The Tips Of Sacrifice In William Shakespeare's Macbeth

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“I was confided to your loyalty and accepted by your treason; you offer my death to those to whom you had promised my life. Do you know who it is you are destroying here? It is yourself” (Victor Hugo, Ninety-Three). Macbeth learns this valuable lesson in the play, Macbeth, by William Shakespeare. Macbeth takes place in Scotland, and centers around the overly ambitious Macbeth. Macbeth receives a prophecy that promises him to be the king of Scotland, and this pushes him to murder the current king, Duncan, in order to complete the prophecies. Shakespeare claims that treason is the most heinous crime against the state and against humanity; he proves this through the punishment suffered by Macbeth and Lady Macbeth along with the disruption in nature …show more content…
By saying that “Neptune 's ocean” cannot wipe this blood, Shakespeare proves that there is no way for Macbeth to make up for what he has done, and now Macbeth will have to suffer through the guilt. No amount of water, which holds a connection to purity, can save him after he commits this act of treason against the state. Barbara Riebling, in her article “Virtue 's Sacrifice: A Machiavellian Reading of Macbeth” for Studies in English Literature, explains, “by murdering Duncan, and Duncan alone, Macbeth 's worst fears come true. He unleashes a flood of events that so outrace his efforts at containment that he finally resorts to a reign of terror” (Riebling). Moreover, Lady Macbeth persuades Macbeth to carry out the murder that she planned, and acts as an accessory to the murder. After the completion of the act, her confidence and excitement for it slowly deteriorates, until she is left with harrowing inner guilt. Lady Macbeth’s extreme guilt results in a strange illness that consist of constant fits of hallucinations and Lady Macbeth talking to herself: “What, will these hands ne’er be clean? No / more o’ that, my lord, no more o’ that. You mar all / with this starting” (Shakespeare V. i. 45-47). Lady Macbeth constantly imagines …show more content…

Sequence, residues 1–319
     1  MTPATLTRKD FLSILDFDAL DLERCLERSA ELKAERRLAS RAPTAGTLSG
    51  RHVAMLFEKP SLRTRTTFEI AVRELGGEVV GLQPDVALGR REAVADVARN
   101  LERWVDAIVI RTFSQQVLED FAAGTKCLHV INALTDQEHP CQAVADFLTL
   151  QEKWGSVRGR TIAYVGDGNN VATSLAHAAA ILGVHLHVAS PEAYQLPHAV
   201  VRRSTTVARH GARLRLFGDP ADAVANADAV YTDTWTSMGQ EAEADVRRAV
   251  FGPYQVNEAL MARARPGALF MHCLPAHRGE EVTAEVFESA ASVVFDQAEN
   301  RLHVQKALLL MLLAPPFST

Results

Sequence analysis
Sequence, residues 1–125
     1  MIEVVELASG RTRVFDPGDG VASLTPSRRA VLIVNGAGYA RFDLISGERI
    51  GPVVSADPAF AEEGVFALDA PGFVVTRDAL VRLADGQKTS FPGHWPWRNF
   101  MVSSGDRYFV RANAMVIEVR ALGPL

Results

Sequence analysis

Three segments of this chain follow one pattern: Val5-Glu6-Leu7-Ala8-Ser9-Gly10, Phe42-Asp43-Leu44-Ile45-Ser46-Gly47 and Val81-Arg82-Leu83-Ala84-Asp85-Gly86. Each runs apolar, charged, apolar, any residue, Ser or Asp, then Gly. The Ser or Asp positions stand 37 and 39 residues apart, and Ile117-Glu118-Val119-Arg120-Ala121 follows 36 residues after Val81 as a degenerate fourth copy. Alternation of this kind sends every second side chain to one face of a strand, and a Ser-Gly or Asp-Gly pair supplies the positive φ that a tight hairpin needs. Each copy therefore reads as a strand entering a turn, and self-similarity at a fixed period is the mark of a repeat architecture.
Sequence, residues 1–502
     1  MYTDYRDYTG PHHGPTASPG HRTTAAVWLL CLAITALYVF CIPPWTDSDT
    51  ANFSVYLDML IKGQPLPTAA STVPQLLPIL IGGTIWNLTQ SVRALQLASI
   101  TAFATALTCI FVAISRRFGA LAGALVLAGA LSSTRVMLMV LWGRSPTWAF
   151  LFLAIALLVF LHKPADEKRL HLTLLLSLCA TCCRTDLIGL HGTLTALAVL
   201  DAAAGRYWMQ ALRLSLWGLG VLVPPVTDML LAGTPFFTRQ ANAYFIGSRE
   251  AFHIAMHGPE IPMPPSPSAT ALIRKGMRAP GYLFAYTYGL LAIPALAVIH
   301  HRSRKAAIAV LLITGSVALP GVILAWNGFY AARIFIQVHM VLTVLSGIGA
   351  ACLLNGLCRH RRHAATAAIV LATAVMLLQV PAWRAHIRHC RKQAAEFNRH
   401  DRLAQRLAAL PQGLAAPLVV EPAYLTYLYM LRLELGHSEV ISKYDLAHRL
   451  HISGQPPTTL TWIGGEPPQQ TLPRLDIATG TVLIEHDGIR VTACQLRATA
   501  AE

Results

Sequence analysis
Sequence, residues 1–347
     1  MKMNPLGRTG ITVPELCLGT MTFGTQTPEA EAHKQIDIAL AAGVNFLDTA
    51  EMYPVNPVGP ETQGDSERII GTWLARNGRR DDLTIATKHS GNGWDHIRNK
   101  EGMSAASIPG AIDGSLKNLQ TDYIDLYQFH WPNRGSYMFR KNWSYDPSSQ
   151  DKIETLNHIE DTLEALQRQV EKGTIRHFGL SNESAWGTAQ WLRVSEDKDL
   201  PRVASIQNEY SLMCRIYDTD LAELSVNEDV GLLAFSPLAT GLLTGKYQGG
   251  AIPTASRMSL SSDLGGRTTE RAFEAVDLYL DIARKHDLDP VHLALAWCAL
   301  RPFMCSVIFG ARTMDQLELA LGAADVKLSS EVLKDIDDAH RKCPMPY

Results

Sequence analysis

Although Lady Macbeth convinces Macbeth to murder Duncan, the punishment that she endures is because she committed an act of treason by agreeing, plotting and participating in the murder, not for manipulating Macbeth. During her fit of guilt she says, “Yet here is a spot. / … Out, damned spot, out, I say! One, Two / why then, ‘tis time to do ‘t. Hell is murky” (Shakespeare V. i. 33, 37-38). Lady Macbeth imagines blood on her hands, not Macbeths hands, and this proves that she feels guilt for personally committing treason. By exclaiming, “hell is murky” she proves that going to Hell will be a upcoming consequence of her crime. Furthermore, she proves that the guilt she feels centers on the act of committing treason. Lady Macbeth acted as an accessory to the murder of her king and therefore committed treason. After completing her crime she begins to feel guilyt, she says, “what need we fear / who knows it, when none can call our power to / account? Yet who would have thought the old man / to have had so much blood in him” (Shakespeare V. ii. 39-42). By questioning what she has to fear, Lady Macbeth proves that the way she feels has nothing to do with Macbeth and what she said to him. Because thoughts of Duncan plague Lady Macbeth thoughts, she says Duncan had “so much

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